Imagine you are living during World War II in a major city in the United States and operate a flower business.  You notice that there are many people in the area who have lost loved ones in the war.  You decide to start tracking all of the war dead in the city you can find and arrange a special flower arrangement with a nice message of gratitude to be delivered at the memorial services for each of the fallen servicemen in the city.

When you first do it you feel great.  You are providing a service and a comfort to the families of those who died while serving the country.  You even find that sometimes your flowers were the only ones at the memorial service because the people couldn’t afford flowers.

As the war goes on, the service you provide becomes a significant financial drain.  You are passionate and driven to provide these flowers and messages because you have seen the way people are touched and comforted by your offering to the grieving families.  You now have a problem.  If you continue to provide this service to everyone, you will go bankrupt.

You start to make some cutbacks, providing a not quite as nice floral arrangement and when you already know the family of the soldier has the money for flowers you only provide the nice message.  This works for a while but it is still quite a struggle for you to continue to provide this service.

Along comes your competitor.  The flower business has always been competitive but in these hard times it has only gotten worse.  Your competitor is a much smaller company, believes in the work you are doing and thinks it is a noble and wonderful thing you are doing.  Your competitor, at no cost to you, offers to help.  Your competitor offers to provide a delivery truck, flowers, nice messages, and a delivery driver to go wherever you need  him to go to help take the pressure off your business.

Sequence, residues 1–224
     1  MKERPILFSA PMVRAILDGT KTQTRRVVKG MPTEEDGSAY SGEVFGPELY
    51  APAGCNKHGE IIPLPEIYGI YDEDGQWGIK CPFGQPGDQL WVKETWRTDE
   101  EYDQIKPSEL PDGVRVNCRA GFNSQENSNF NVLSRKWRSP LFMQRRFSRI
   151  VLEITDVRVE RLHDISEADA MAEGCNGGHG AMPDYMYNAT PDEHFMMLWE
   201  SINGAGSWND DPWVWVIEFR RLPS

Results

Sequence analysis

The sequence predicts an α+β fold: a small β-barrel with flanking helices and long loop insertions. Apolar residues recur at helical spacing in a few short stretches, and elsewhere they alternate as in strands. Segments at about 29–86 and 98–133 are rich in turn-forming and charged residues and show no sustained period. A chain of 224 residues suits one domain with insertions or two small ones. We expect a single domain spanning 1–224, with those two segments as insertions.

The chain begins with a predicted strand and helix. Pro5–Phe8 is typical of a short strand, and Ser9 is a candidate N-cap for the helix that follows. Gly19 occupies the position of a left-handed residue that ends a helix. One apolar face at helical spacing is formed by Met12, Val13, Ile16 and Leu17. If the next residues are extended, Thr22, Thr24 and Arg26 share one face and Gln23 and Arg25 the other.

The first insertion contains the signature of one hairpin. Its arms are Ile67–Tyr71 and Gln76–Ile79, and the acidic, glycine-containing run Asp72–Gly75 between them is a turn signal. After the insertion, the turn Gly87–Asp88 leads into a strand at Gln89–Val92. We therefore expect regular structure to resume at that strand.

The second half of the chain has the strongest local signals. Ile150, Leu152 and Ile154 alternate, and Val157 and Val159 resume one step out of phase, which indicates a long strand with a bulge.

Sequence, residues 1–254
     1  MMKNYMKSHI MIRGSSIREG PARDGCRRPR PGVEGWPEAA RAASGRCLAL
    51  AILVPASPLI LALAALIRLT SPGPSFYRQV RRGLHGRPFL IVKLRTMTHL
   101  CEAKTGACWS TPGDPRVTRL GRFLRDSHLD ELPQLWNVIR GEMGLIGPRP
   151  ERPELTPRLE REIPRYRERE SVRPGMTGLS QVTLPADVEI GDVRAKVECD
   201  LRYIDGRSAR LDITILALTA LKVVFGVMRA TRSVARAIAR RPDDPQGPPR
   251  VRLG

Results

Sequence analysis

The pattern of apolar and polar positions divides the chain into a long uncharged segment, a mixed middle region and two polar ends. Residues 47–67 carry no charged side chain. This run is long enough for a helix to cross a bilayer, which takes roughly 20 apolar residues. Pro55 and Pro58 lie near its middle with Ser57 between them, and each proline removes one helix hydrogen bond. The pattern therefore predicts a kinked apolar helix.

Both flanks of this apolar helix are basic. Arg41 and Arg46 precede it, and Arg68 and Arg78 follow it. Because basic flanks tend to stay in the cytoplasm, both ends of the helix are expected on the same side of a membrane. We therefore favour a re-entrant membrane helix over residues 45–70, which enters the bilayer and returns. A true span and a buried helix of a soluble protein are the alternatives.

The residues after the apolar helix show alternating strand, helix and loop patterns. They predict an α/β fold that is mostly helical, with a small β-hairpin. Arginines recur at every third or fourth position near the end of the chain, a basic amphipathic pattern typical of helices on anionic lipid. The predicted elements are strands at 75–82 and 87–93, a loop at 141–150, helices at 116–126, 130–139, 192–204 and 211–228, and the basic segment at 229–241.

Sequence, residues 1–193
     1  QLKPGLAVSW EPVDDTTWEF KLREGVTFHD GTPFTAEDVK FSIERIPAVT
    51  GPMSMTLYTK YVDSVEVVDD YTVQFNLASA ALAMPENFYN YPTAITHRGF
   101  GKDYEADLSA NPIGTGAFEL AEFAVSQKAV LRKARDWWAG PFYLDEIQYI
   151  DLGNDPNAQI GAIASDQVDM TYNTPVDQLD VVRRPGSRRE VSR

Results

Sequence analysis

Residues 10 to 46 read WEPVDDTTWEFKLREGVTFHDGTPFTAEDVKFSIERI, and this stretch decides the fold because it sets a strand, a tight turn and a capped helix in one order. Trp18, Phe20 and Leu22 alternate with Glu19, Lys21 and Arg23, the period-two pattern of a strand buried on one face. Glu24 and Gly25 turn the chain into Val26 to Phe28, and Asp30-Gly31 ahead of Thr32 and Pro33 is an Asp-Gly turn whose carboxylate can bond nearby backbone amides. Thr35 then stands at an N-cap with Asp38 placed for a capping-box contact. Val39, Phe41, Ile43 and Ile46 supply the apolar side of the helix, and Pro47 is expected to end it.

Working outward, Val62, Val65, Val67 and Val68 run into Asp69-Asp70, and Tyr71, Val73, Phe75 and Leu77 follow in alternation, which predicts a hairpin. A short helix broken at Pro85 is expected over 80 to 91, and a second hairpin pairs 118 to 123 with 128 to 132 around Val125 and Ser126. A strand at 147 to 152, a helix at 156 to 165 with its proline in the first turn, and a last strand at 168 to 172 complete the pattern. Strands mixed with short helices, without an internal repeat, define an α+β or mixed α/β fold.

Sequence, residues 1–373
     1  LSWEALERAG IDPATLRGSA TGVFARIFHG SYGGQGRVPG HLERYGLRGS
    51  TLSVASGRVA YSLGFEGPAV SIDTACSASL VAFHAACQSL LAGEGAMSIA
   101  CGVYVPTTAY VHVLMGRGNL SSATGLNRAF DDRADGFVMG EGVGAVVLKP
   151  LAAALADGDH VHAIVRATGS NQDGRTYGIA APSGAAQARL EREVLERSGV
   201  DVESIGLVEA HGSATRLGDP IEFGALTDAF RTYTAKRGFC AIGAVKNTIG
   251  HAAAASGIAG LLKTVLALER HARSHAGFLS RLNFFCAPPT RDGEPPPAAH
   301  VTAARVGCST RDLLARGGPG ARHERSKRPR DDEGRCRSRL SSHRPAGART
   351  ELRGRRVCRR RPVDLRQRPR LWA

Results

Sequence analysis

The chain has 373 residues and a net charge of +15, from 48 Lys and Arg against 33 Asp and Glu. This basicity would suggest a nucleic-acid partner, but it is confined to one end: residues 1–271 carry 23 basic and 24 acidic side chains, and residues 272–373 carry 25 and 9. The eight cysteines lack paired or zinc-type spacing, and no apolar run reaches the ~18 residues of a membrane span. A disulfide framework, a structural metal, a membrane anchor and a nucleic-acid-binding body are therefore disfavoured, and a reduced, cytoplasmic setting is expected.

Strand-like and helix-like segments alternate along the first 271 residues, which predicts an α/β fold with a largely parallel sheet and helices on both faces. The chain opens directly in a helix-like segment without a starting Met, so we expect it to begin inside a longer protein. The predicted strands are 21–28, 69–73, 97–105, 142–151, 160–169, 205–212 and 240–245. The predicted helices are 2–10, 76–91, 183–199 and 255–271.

The only catch is that people will know that your competitor is delivering the flowers and not you.  You are worried the competitor will do a better job and people may like the competitor’s service better than yours.  You decline the help, even if you can no longer afford to provide the current level of service and are facing a financial shortfall.

Is that a good or a bad idea?  Would a wise and serious businessperson do this if their first concern was the grieving families?  It seems that the florist is letting other considerations get in the way of providing an important service to deserving families.

A similar situation has cropped up in Utah.  The Jordan School District has raised taxes to pay for school costs in their district.  The area is growing and needs new schools and teachers.

American Preparatory Academy (APA) offered to build, staff, operate, and fund a school for the Jordan School District (JSD).  The school would be wherever JSD told them to build help take the pressure off the District.  The District declined.

The stated reason JSD gave for the refusal was that APA had a more restrictive charter to help in English as a Second Language programs when the population of minority students in JSD is shrinking, not growing.  The State Charter School Board offered to alter the charter for APA enough so that their limited charter would not be an issue.

It appears that the JSD does not want competition in case the charter school does better than the regular government operated ones.  The JSD should quit hiding from competition and do a better job teaching students.

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